“You’ve got to be disciplined,” he said.

Moore was asked if one of the objectives of any defender going against the option is not to “get burned” on a play.

“You can’t think about that,” he said. “Just go play.”

UTC’s defense has been dominant in the league for several years, but this week the Mocs have no player listed among the top 20 tacklers.

Moore just shrugs that off.

“As long as everyone is making plays, the tackles will be spread out,” he said.

Seven Mocs have double-digit tackles through three games. Cornerback Kadeem Wise leads with 20, including 15 solos.

GSU opened the season with a 77-9 blowout win over Savannah State and followed that with a 59-17 rout of St. Francis (Pa.). On Sept. 14, Wofford beat the Eagles, 30-20, in the SoCon opener for both schools.

UTC lost to UT-Martin before beating lowly Georgia State and Austin Peay and taking a week off to prep for Georgia Southern.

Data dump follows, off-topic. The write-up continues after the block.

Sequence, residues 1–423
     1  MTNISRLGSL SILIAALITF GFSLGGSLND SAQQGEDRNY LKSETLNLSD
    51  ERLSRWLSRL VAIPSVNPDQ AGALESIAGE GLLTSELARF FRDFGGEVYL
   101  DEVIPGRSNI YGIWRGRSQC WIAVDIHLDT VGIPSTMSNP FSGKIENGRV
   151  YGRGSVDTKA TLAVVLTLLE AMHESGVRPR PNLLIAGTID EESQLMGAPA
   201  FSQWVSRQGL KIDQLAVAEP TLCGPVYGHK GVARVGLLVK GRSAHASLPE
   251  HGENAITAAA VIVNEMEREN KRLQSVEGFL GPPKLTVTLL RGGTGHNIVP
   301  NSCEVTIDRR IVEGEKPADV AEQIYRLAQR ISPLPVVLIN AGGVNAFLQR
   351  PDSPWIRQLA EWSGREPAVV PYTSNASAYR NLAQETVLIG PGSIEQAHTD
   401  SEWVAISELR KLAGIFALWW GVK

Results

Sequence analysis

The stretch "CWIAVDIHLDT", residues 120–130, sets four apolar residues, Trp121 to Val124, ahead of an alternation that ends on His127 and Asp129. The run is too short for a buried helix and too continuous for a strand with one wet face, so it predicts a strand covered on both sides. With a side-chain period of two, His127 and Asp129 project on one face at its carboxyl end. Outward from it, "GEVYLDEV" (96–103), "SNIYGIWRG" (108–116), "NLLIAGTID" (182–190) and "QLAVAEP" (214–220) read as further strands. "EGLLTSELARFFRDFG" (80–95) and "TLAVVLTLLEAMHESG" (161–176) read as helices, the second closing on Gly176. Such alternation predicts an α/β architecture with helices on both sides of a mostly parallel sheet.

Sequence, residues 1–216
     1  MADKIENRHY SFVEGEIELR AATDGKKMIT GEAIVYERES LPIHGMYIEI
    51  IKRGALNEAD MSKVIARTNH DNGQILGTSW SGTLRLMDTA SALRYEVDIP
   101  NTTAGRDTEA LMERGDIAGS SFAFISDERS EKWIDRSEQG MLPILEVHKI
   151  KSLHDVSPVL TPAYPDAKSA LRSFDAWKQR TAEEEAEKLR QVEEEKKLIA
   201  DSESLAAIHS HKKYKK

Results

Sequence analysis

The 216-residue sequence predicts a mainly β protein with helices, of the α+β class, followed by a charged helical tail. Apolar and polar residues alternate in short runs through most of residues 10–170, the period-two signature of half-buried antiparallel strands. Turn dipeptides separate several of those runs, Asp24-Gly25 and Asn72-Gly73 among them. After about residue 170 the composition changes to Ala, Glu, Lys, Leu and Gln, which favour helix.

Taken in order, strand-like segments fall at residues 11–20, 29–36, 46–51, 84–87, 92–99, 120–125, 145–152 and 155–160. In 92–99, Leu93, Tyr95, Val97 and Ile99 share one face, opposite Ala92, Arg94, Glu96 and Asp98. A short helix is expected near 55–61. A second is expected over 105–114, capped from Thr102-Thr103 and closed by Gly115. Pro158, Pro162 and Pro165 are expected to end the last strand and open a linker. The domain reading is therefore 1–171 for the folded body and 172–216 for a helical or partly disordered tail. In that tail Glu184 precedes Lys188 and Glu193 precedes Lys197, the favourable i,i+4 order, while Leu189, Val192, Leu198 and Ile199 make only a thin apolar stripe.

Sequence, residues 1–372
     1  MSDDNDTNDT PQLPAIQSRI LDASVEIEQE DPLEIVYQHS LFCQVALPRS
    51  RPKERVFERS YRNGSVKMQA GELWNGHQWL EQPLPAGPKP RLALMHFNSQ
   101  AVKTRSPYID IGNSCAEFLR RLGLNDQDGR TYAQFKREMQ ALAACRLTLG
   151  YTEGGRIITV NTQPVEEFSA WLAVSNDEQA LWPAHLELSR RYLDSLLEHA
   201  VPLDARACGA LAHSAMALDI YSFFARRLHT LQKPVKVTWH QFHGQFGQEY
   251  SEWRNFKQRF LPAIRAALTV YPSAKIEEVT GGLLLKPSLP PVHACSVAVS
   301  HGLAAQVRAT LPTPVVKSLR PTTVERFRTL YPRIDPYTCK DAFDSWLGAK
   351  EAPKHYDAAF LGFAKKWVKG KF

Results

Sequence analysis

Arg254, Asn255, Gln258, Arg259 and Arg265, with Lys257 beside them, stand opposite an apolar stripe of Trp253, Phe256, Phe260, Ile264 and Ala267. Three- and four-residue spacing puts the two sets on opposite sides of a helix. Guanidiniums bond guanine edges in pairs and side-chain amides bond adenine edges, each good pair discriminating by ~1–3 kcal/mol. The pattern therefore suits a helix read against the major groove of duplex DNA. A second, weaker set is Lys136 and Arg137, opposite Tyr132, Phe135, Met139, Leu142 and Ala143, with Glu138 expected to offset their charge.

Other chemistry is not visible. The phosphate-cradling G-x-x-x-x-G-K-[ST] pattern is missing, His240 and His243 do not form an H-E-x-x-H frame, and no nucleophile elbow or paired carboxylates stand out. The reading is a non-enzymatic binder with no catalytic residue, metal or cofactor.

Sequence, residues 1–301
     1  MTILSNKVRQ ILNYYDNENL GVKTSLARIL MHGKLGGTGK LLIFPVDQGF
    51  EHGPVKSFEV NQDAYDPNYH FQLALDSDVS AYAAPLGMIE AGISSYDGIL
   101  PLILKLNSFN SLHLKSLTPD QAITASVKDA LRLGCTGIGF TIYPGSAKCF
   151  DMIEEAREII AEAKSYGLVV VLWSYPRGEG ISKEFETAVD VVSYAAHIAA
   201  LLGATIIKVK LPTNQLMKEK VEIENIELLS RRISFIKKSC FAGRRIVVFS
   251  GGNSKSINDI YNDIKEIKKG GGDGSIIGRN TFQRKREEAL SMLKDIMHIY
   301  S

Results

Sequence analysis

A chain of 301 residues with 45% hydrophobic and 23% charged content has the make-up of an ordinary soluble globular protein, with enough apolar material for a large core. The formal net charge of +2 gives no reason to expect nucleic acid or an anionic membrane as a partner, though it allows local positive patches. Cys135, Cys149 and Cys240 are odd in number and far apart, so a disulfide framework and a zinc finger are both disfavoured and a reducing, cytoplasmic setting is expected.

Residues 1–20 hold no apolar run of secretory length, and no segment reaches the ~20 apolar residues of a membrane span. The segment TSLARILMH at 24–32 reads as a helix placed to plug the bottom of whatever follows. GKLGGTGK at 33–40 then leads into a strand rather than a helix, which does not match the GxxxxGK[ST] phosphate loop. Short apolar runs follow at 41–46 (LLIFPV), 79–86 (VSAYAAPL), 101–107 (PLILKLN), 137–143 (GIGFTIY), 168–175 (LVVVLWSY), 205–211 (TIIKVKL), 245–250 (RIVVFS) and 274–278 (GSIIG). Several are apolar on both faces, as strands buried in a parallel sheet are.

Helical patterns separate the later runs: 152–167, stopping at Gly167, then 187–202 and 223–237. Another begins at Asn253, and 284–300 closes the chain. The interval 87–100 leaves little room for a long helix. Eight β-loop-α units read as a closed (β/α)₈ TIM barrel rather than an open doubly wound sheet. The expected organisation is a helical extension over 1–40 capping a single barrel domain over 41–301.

The thing that makes Georgia Southern, which has claimed six national titles and finished runner-up twice, is the Eagles’ offense is complimented by a tenacious defense. GSU is ranked

Coach Jeff Monken’s squad is the league’s best in total defense (299.3) and pass efficiency defense (77.9). The Eagles are second in scoring defense (18.7) and that goes against UTC’s scoring offense (35.0), which ranks second in the conference.

The Mocs are No. 2 in rushing defense (145.0) and the Eagles are No. 3 at 174.3.

A combination of the Eagles’ time-consuming ground attack and a defense capable of routinely serving up three-and-outs, the Mocs have to be efficient offensively in Saturday’s 6 p.m. game.